New African American literature class offered

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New African American literature class offered

Ms. Crawford currently teaches English 1 and 2.

Ms. Crawford currently teaches English 1 and 2.

Photo By John Kipp

Ms. Crawford currently teaches English 1 and 2.

Photo By John Kipp

Photo By John Kipp

Ms. Crawford currently teaches English 1 and 2.

John Kipp, Staff Writer

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Starting next school year, Central East will offer a new class focusing on African American Literature. This class will be available to juniors as an alternative to the standard core English class, and seniors can take it as an academic elective as well. The class will be taught by Language Arts teacher Carrie Crawford who currently instructs English one and two.

The class’s main focus is to shed a light on African American novelists, essayist, poets and political thinkers. Although the class is only in its first year of inception, the course subject matter has already attracted many new students. Sophomore Lauren Wood immediately enrolled after hearing about the course and explained, “I want to take this class because it’s a good way to learn about my roots and it wasn’t offered a year ago so it’ll be nice to be a part of it.” As a teacher, Crawford’s inclusive, supportive approach is also a draw for past students. Sophomore James Walker said, “She’s a really cool teacher. She’s someone I can learn from, someone who can walk me through things and make sure I understand.”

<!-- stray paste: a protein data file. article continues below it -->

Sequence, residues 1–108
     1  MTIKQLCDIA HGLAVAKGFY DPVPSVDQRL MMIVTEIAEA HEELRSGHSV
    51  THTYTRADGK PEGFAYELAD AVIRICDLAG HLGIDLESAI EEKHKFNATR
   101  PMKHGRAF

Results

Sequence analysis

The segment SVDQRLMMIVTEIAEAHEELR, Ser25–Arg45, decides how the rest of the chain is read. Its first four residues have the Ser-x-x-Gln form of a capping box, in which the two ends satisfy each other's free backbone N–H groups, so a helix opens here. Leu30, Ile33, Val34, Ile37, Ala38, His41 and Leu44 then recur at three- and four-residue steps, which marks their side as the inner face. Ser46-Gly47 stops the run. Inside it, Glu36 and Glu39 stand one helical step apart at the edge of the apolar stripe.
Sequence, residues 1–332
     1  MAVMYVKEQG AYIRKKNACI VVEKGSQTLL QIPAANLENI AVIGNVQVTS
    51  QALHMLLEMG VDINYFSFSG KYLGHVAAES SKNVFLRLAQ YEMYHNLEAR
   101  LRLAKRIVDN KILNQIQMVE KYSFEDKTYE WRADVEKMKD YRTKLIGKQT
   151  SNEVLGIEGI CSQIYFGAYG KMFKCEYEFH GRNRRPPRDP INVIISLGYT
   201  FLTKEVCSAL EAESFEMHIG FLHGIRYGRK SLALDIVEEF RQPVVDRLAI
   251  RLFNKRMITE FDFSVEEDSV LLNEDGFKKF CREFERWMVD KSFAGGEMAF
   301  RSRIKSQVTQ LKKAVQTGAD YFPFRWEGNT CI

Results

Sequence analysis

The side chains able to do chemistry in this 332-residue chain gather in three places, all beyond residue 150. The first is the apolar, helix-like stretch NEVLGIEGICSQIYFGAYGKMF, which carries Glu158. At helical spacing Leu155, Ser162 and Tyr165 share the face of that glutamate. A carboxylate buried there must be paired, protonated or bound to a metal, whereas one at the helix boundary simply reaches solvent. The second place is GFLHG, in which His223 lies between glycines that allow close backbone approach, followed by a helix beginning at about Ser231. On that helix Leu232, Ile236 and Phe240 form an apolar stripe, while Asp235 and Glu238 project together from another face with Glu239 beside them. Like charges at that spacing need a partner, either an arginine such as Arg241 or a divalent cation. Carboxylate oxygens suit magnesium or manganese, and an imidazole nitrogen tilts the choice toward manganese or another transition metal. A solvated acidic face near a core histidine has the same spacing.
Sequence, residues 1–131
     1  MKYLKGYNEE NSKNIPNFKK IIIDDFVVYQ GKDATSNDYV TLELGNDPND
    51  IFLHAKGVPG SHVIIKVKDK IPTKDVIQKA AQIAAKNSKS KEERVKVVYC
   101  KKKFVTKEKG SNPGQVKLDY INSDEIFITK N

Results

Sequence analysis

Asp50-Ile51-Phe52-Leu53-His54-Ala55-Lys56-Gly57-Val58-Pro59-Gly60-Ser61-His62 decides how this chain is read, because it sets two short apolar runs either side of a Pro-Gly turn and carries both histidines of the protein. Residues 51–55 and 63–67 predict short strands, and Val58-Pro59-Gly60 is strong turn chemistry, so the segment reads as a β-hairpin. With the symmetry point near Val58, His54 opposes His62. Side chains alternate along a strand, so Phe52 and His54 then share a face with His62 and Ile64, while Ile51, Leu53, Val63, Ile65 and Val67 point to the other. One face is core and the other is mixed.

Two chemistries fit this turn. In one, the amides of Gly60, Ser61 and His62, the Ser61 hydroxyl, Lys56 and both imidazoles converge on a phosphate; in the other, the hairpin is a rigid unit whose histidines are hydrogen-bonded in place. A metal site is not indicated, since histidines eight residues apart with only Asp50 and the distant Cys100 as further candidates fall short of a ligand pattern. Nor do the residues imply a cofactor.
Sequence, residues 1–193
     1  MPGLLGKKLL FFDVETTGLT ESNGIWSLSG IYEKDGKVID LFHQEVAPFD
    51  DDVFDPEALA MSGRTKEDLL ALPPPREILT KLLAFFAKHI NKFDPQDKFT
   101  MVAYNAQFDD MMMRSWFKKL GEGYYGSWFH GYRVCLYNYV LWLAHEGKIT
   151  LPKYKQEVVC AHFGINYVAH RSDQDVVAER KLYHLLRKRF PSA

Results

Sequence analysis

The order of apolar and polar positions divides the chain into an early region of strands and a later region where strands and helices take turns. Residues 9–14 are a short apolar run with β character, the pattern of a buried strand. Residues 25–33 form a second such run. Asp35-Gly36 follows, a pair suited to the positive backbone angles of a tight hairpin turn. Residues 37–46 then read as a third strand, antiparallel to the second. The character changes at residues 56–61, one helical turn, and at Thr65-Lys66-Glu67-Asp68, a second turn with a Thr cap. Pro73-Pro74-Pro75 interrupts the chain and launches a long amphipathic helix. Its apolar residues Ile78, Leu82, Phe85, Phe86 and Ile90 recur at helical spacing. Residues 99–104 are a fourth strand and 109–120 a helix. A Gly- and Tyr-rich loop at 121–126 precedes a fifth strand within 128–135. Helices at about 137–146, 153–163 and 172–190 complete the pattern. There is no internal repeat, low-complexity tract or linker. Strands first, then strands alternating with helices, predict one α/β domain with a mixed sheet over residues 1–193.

Introducing fresh courses or curriculum can be a challenge, but according to Crawford, the Central administration was open and supportive. Crawford explained that key administrators loved the idea and helped her implement the course quickly. “Ms. Richmond helped me out; in fact, she was the one who got it A-G for me,” explained Crawford. It took ample research and planning to get the course to the “A-G” point, but this means it is now a core English class that will count as required high school English credit.

As a core English class, there are no prerequisites to enroll, and the course is open to all juniors and seniors until the course class seats are filled.

Crawford recommends the course to all students, but especially those shooting for a more competitive college. “While good grades are an obvious requirement, many institutions will also look for kids with a variety of interests, ”  Crawford explained.

Alongside exposing students to black authors, it will give them a chance to learn more about culture, history, and heritage. In fact, one of the major projects Crawford has already planned will offer students the opportunity to learn about their own genealogy. For more information talk to Ms.Crawford in room 1403.